While Sony Pictures Networks India opined imposition of additional fees for satellite spectrum usage and mandating use of Indian satellites would have “unforeseen outcomes” owing to “economic pressures,” Times Network said the auction model may be suitable for the digital terrestrial TV transmission (DTT) when introduced but not for satellite TV.

Viacom18, operating over a dozen TV channels and also a studio business, felt that the operation of satellites for broadcasting cannot be compared with operations of FM radio channels simply because spectrum for the latter (radio FM) is limited and rare as against satellite spectrum that is in abundance and would continue to increase over a period of time with the increase in the number of satellites.

“Auction is appropriate only for such natural and rare public resources as for FM [radio],” the joint venture between US’ Viacom and Reliance Industries-controlled TV18 Broadcast submitted.

In its independent submission, TV18/Network18 (both entities controlled by Mukesh Ambani’s Reliance Industries), while giving international examples of countries such as Greece and Thailand where auctioning of TV channels had failed to get desired results, said auctioning will have an economic impact on the broadcast business.

Pointing out that an auction would “unduly increase the cost of grant of permissions and the cost of permits”, costs that would have to be passed on to end subscribers/viewers making content expensive all across the distribution chain, TV18 exhorted the government to “focus on increasing the number of satellites,” which will increase competition and not “create entry barriers” that will impede competition.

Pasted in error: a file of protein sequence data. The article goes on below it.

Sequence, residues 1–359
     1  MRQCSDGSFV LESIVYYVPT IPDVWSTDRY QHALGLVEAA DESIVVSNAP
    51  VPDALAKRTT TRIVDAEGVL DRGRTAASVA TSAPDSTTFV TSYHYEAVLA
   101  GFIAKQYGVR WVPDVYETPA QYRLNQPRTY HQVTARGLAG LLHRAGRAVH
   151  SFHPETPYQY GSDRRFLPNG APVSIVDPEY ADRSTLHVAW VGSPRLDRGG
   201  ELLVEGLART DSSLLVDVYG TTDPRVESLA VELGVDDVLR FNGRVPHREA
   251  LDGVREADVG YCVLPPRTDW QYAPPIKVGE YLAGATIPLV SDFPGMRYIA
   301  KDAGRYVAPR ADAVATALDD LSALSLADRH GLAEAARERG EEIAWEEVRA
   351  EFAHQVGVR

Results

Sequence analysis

Comparatively, smaller broadcasters operating on tight budget and limited distribution budgets such as Odisha TV Network said it was “not in favour of auctions.” Global companies such as BBC Global News submitted that TV channels were inherently different from FM radio broadcasting and such a move could “adversely impact small broadcasters” like BBC as it would amount to an anti-competitive move favouring some big players. Channels like News24, too, echoed similar sentiments.

Distribution platform IMCL was of the opinion it was not possible to auction uplink spectrum “like in the case of FM [radio].” DTH player Dish TV added that “discrimination and/or restrictions in the licencing conditions” should be done away with and there should be no differentiation between usage of Indian and foreign satellites. Players should be given the right to choose as to what was best for their services, it added. Similar comments came from other DPOs like DEN.

Some other industry organisations such as Broadband India Forum and Hong Kong-headquartered CASBAA, too, stated that auctioning of satellite TV channels was not feasible.

CASBAA, while supporting an open policy regarding satellite capacity usage for downlink and uplink, said restricting the use of foreign satellites just so an auction can be conducted would be a “most undesirable” outcome.

“The Indian broadcasting sector has flourished in no small part because of the ample and competitive supply of satellite capacity–both foreign and domestic–made available for broadcasting purposes under the existing policy guidelines. Indeed, investments in foreign satellite capacity over India have contributed mightily to the growth in this sector to date. An attempt to restrict use of foreign satellites now would cause immeasurable harm to this currently ‘vibrant’ sector,” the Asian pay TV and satellite industry organisation said. Similar sentiments were expressed by other international organisations such as GVF, ASPCC and ESOA.